NOMPU SIZIBA: This week we’ll find out whether the Reserve Bank will cut the repo rate again. So far this year it has cut rates by 300 basis points, taking the repo rate to 3.5% and the prime rate to 7%. The question is, how much has this served to stimulate activity in the residential buy-and-sell property market, and could a further cut do any wonders?
Well, to discuss this matter further, I’m joined on the line by Carl Coetzee. He’s the CEO at Betterbond. Thank you so much for joining us, Carl. We know that the initial phase of the lockdown was very disruptive to the residential property market, but perhaps you can tell us about your observations around how things have evolved from that period to the third quarter.
CARL COETZEE: Hello, Nompu, yes. Certainly we’ve seen quite a dramatic increase in properties changing hands since the easing of lockdown. So from June/July onwards, we can say our volumes of customers applying for new homes, compared to the same period last year, are on average up 2% of what they were last year.
So what we can clearly see is the Reserve Bank’s efforts to lower the interest rates in the favour of consumers, and we can see a lot of consumers are taking that opportunity now to buy on the agreement.
NOMPU SIZIBA: But I suppose the key question is to what extent interest rates influence people’s decisions to buy, because, obviously, there will be a trigger that causes people to think, well, I want to go and buy a property – not necessarily, oh, the interest rates have changed, let me go and buy.
So to what extent do you think that a lower rate situation does aid in people buying?
CARL COETZEE: You are quite right. I get asked this question quite a bit. Is it a great time to buy at the moment? I think the answer is not simple – there are a lot of factors consumers are taking into account when they want to buy a new home. Are they financially stable, is (the property) where they want to live? And I think overall the sentiment of consumers plays a big role.
What I can tell you is that it’s a great time to buy. And I think more and more consumers are realising that and seeing the effect of: “My cost of borrowing money is so much lower and all of a sudden I can qualify for a bond and, therefore, buy a home.” There are many other reasons they need to consider, but we definitely are starting to see that effect of the lower interest rates, where consumers feel confident in borrowing money at the moment.
NOMPU SIZIBA: So, if the Reserve Bank does decide to cut rates by a further 25 basis points, which is what many economists are predicting, or even a bigger surprise of 50 basis points. Do you think that people should really, if they need to buy a property, consider buying one, given that?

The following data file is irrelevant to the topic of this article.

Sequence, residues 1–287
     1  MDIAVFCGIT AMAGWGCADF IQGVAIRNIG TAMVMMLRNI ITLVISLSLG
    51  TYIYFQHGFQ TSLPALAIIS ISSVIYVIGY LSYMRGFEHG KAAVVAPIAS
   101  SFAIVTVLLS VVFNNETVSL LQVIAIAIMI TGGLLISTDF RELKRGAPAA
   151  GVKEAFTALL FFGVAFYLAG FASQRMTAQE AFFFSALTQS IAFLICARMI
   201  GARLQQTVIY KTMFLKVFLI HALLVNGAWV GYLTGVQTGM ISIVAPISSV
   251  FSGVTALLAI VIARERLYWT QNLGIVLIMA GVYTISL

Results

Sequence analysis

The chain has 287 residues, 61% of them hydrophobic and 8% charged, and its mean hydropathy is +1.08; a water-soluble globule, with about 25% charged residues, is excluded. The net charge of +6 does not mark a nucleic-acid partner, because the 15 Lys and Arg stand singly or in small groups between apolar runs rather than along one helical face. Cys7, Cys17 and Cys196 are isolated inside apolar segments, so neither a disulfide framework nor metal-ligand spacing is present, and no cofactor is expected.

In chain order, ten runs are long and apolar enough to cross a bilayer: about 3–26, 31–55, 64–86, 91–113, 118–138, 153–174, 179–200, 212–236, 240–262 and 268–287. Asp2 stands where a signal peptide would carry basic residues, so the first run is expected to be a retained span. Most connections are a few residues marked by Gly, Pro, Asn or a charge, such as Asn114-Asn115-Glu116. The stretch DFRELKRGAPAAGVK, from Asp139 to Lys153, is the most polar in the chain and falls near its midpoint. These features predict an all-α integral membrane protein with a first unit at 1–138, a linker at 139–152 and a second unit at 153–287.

We are waiting with bated breath for the rate announcement. I think a further rate drop will be good for the property sector.
That will just make it even cheaper for consumers to get credit and potentially buy a home. Again, I think there are a lot of facts to consider on where to buy, but definitely a great time to buy.
NOMPU SIZIBA: So, in terms of the application, you say that the applications have gone through the roof, and all of that. But what is the level of appetite on the banks’ part? We’ve heard that they’ve really suffered quite badly, job security is no longer a real thing, and it is quite risky to lend money to people right now. So what’s the response on their side?
CARL COETZEE: Yes, that’s interesting. Initially, when we started in lockdown, we were quite concerned – especially if you consider what happened in 2008, when the banks sort of pulled back quite a bit of lending. We didn’t see it this time round. Our approval rates on bonds are still very much the same as they were pre-lockdown, so the banks are still lending, and you can actually see all our deposit amounts, the loans to value that the banks are granting, are also increasing.
So definitely banks realise their responsibility in keeping the economy liquid, and they are still lending money, which is very, very fortunate at this time..
NOMPU SIZIBA: Of course our conversation is punctuated by the fact that the Reserve Bank is making a call on interest rates on Thursday, but, whether they cut or not, what’s the advice to people asking whether or not they should fix their interest rate when they buy a property, for predictability of their costs down the line?
CARL COETZEE: I think in South Africa the standard home loan is granted on the basis of a variable interest rate. Consumers do have an option to fix the rate. However, the bank won’t fix that interest rate for the full term of the bond period. So, from one bank to another, typically they’ll do it for five years and will fix it at a higher rate than the current rate. So the prime lending rate, plus potentially two basis points. That means you have to think clearly around what you expect to do for the next five years – is now a good time to fix it, or I’ll look at it later in the duration of the bond. So I certainly get all the facts, and make an informed decision in that regard.
NOMPU SIZIBA: Carl, always great talking to you. Thank you for the tips. That was Carl Coetzee, CEO at Betterbond.